23°26′S 0°0′E / 23.433°S 0.000°E / -23.433; 0.000 (Prime Meridian)Atlantic Ocean
23°26′S 14°27′E / 23.433°S 14.450°E / -23.433; 14.450 (Namibia) NamibiaErongo, Khomas, Hardap, Khomas (again), and Omaheke regions
23°26′S 20°0′E / 23.433°S 20.000°E / -23.433; 20.000 (Botswana) BotswanaKgalagadi, Kweneng and Central districts
23°26′S 27°18′E / 23.433°S 27.300°E / -23.433; 27.300 (South Africa) South AfricaLimpopo Province
23°26′S 31°33′E / 23.433°S 31.550°E / -23.433; 31.550 (Mozambique) MozambiqueGaza and Inhambane provinces
23°26′S 35°26′E / 23.433°S 35.433°E / -23.433; 35.433 (Indian Ocean)Indian OceanMozambique Channel
23°26′S 43°45′E / 23.433°S 43.750°E / -23.433; 43.750 (Madagascar) MadagascarToliara and Fianarantsoa provinces
23°26′S 47°39′E / 23.433°S 47.650°E / -23.433; 47.650 (Indian Ocean)Indian Ocean
23°26′S 113°47′E / 23.433°S 113.783°E / -23.433; 113.783 (Australia) AustraliaWestern Australia, Northern Territory and Queensland
23°26′S 151°3′E / 23.433°S 151.050°E / -23.433; 151.050 (Coral Sea)Coral SeaPassing just south of Cato Reef in  Australia's Coral Sea Islands Territory
23°26′S 166°46′E / 23.433°S 166.767°E / -23.433; 166.767 (Pacific Ocean)Pacific OceanPassing just north of the Minerva Reefs ( Tonga), and just south of Tubuai ( French Polynesia)
23°26′S 70°36′W / 23.433°S 70.600°W / -23.433; -70.600 (Chile) ChileAntofagasta Region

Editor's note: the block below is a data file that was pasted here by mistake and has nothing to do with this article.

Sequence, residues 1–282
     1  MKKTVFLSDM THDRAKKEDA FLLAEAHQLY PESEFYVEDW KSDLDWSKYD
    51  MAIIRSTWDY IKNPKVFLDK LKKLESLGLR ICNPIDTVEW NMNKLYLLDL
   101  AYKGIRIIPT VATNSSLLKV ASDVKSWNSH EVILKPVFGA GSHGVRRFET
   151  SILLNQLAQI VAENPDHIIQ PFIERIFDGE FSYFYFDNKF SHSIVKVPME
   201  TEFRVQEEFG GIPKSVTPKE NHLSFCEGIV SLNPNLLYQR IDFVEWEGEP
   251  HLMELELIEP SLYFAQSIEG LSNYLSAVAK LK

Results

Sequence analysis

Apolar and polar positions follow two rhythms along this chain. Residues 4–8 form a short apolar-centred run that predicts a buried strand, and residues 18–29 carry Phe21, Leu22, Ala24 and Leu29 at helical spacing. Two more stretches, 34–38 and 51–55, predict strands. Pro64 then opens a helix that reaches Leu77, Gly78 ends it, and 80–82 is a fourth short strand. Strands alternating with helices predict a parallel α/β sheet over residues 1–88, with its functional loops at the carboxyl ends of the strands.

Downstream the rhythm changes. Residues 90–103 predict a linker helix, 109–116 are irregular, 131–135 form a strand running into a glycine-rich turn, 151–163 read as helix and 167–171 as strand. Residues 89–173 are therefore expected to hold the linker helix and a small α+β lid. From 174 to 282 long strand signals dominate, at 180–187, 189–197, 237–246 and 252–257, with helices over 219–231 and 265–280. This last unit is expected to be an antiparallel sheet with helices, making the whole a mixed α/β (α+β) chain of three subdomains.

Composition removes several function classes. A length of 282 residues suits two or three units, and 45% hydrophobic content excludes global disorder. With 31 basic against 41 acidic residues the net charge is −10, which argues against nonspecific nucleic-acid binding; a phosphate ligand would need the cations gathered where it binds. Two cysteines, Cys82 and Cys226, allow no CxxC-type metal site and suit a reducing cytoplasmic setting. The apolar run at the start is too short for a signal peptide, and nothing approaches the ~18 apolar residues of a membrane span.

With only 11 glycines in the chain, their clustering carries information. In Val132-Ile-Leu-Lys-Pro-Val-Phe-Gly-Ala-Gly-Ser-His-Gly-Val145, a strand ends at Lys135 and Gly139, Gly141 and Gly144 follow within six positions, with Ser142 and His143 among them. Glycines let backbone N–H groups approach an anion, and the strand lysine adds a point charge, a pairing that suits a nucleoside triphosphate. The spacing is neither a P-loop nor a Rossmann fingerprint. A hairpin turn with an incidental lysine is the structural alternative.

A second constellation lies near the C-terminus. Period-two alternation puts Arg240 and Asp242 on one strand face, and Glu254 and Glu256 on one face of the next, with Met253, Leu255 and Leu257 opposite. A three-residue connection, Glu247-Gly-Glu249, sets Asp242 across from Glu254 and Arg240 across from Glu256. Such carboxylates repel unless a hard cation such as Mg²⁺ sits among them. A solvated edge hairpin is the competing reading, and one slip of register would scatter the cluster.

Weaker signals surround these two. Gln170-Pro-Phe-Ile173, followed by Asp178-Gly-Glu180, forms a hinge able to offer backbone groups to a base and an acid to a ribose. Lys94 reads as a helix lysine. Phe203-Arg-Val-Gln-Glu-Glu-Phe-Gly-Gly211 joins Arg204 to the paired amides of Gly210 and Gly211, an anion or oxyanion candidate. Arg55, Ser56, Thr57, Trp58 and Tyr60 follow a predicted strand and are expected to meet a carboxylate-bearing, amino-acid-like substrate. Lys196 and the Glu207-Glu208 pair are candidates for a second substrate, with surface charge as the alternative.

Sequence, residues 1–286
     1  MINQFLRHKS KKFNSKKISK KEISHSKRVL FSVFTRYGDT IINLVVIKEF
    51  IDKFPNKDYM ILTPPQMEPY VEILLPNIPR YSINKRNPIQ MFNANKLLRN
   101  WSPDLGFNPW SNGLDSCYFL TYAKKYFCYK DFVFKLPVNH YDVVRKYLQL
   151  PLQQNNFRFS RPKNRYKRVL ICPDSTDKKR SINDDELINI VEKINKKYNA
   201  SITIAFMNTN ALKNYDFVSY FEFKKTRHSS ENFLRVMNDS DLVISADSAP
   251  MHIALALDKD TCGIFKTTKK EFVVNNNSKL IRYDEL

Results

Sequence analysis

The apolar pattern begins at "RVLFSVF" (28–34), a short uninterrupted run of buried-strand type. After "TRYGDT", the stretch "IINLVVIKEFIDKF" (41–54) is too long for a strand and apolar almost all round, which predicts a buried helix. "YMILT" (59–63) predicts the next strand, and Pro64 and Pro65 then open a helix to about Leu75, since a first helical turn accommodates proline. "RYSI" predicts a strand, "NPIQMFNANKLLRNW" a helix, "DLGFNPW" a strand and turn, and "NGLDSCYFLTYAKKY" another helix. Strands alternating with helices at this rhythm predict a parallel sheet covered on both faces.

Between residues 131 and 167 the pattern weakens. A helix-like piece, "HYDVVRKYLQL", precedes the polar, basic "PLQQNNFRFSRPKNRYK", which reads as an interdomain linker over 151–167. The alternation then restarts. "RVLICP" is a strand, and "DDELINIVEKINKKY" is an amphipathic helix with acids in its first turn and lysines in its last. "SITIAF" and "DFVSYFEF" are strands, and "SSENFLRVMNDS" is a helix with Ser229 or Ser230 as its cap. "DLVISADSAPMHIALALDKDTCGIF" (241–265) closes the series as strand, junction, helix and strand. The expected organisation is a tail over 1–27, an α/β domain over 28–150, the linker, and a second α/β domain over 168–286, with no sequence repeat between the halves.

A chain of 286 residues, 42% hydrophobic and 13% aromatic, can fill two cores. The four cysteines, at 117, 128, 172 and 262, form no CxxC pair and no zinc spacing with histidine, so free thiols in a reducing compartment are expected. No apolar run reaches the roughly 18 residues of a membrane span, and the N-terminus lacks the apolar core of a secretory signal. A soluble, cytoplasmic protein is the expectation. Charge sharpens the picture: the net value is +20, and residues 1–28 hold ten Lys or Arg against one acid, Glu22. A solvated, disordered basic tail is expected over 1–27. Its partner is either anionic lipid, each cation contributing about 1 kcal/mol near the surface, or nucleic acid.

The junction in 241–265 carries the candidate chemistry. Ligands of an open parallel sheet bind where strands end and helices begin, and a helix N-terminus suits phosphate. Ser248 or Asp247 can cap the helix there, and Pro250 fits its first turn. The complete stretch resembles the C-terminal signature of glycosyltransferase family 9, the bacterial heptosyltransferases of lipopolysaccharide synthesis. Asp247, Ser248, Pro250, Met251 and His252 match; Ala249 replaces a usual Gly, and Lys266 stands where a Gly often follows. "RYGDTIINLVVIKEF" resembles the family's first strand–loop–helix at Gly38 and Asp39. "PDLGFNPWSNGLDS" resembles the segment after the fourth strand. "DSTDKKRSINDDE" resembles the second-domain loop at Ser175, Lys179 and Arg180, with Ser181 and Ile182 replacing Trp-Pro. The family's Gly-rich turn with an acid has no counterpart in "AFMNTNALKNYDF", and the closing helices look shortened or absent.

23°26′S 67°07′W / 23.433°S 67.117°W / -23.433; -67.117 (Argentina) ArgentinaJujuy, Salta, Jujuy (again), Salta (again) and Formosa provinces
23°26′S 61°23′W / 23.433°S 61.383°W / -23.433; -61.383 (Paraguay) ParaguayBoquerón, Presidente Hayes, Concepción, San Pedro and Amambay departments
23°26′S 55°38′W / 23.433°S 55.633°W / -23.433; -55.633 (Brazil) BrazilMato Grosso do Sul, Paraná, and São Paulo states
23°26′S 45°2′W / 23.433°S 45.033°W / -23.433; -45.033 (Atlantic Ocean)Atlantic Ocean

Places located along the Tropic of Capricorn[edit]

The following cities and landmarks are either located near the Tropic of Capricorn, or the tropic passes through them.

List of countries entirely south of the Tropic of Capricorn[edit]

As the major portion of earth's land is located in the Northern Hemisphere there are only four countries entirely south of the Tropic of Capricorn (there are 74 countries entirely north of the Tropic of Cancer):


The Tropic of Capricorn is so named because when the Sun reaches the zenith at this latitude, it is entering the tropical sign of Capricorn (Southern or December solstice). When it was named, about 2,000 years ago, the sun was also in the direction of the constellation Capricornus (capricorn is Latin for goat horn) at the December solstice. In modern times the sun appears in the constellation Sagittarius during this time. The change is due to precession of the equinoxes. The word "tropic" itself comes from the Greek trope (τροπή), meaning turn, change in direction or circumstances, referring to the fact that the sun appears to "turn back" at the solstices.

Cultural significance[edit]

In India, the day of Sun entering the zodiacal belt Capricorn is celebrated as Makara Sankranti festival. Tropic of Capricorn is called Makara Vrutta in Indian languages. It should be noted here that the Indian astronomical calendar is not based on the Western sidereal system but has a differential lag. Hence, the festival is celebrated on either of 14 or 15 Jan every year, when, as per the Indian astronomical calendar, the Sun enters the Capricorn sign.

See also[edit]

External links[edit]